London Metropolitan University is about to apply for a new licence to recruit overseas students, while also planning for a court case in October to overturn home secretary Theresa May’s original decision to withdraw its highly trusted sponsor status.
The university’s licence was dramatically revoked by the government on 30 August last year, meaning it no longer had permission to bring in students from outside the European Union.
That left about 2,000 London Met students with their courses in jeopardy. The university later won a partial reprieve in the High Court when current students were given permission to carry on their studies at London Met or elsewhere within the UK. The university also gained the right to seek judicial review of the revocation decision.
Many in the sector believe the episode seriously damaged the reputation of UK universities overseas.
A London Met spokeswoman said the university was planning to submit its new application for highly trusted sponsor status “on the first possible day, 1 March 2013”. The UK Border Agency bars institutions from reapplying for sponsor status for six months after their licence is revoked.
Ministers have said that the licence was revoked because the UKBA found that London Met was failing to meet requirements on ensuring that students had leave to remain in the UK, on monitoring language standards and on checking attendance.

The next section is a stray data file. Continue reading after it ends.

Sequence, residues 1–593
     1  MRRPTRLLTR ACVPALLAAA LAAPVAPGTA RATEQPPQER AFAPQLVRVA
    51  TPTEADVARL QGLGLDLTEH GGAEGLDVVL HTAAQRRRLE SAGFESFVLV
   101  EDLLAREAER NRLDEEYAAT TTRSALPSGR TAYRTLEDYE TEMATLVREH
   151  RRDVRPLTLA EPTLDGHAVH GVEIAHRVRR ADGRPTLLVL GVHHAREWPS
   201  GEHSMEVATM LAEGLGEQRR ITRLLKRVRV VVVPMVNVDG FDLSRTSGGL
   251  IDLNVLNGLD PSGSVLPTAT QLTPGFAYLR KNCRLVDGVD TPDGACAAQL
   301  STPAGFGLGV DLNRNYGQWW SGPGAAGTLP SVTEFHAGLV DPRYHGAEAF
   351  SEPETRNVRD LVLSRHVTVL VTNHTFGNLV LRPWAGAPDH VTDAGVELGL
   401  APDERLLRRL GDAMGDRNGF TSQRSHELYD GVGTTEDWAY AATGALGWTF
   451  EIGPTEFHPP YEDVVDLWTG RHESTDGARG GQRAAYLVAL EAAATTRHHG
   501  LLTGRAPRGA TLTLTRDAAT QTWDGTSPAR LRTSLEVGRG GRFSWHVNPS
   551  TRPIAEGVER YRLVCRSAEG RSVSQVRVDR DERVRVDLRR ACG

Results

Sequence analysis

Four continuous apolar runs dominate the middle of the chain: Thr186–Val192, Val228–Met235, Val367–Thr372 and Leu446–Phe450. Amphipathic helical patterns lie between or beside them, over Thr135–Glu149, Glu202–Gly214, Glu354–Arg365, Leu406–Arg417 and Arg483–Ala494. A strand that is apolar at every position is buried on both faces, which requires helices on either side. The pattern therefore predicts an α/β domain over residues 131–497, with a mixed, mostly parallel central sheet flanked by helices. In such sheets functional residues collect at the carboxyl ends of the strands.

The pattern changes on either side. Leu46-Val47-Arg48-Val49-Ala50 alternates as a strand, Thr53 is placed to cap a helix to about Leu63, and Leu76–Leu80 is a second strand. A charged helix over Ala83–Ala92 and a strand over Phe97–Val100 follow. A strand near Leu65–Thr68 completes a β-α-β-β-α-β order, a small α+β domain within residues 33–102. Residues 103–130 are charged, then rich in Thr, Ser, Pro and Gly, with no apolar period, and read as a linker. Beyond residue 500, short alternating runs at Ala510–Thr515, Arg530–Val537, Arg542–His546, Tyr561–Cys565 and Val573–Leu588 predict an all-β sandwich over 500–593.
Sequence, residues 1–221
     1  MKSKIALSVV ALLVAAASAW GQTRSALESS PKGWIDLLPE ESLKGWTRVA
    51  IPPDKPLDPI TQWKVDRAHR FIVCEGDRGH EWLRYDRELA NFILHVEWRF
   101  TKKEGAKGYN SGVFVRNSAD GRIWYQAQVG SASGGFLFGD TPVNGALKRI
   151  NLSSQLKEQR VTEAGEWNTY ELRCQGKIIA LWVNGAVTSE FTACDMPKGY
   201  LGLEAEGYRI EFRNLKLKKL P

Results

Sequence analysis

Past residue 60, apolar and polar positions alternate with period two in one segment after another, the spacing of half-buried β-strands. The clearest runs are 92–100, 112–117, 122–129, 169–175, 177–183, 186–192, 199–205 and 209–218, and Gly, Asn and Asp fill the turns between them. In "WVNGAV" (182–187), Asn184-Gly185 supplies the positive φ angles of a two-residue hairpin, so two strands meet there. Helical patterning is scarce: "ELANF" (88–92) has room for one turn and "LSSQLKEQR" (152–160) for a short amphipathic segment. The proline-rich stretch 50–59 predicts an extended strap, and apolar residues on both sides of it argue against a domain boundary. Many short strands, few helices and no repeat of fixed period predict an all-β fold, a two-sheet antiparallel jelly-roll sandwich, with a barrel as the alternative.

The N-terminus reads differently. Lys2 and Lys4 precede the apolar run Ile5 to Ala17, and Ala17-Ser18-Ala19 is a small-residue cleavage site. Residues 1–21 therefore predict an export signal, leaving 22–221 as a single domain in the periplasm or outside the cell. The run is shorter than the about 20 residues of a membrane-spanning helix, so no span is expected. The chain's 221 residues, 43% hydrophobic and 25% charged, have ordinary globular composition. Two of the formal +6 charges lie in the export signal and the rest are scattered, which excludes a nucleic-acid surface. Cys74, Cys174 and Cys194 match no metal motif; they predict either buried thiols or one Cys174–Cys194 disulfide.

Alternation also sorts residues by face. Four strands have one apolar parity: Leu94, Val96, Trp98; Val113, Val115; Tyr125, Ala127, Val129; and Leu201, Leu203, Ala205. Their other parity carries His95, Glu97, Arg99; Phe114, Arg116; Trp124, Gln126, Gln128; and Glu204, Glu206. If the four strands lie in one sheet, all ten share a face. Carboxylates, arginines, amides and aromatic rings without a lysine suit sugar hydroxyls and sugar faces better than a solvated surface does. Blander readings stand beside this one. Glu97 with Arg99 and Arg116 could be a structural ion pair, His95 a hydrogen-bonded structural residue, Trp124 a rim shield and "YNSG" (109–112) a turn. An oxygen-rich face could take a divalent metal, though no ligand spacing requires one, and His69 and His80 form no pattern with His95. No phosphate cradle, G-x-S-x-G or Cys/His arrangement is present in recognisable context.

The date of London Met’s judicial review against Ms May has been set for 17 and 18 October.
The university appears to be planning to go ahead with the court case even it wins a new licence beforehand.
Asked what the university would gain from such a move, London Met’s spokeswoman said: “That would depend upon the basis of the university’s case, on which it is still working.”
Cliff Snaith, secretary of the London Met branch of the University and College Union, said the university’s plan to go ahead with judicial review was “the right position to have” as a court win was needed to restore the institution’s reputation.
“We need a [court] case and we need a victory,” he said. “A lot of our losses are reputational losses.”
Dr Snaith also suggested that there was some uncertainty among staff as to whether the university would be able to win back its full licence or would have to settle for a probationary status that might still limit its ability to recruit overseas students. In that case, a win in the judicial review might still be needed to secure the full licence, he said.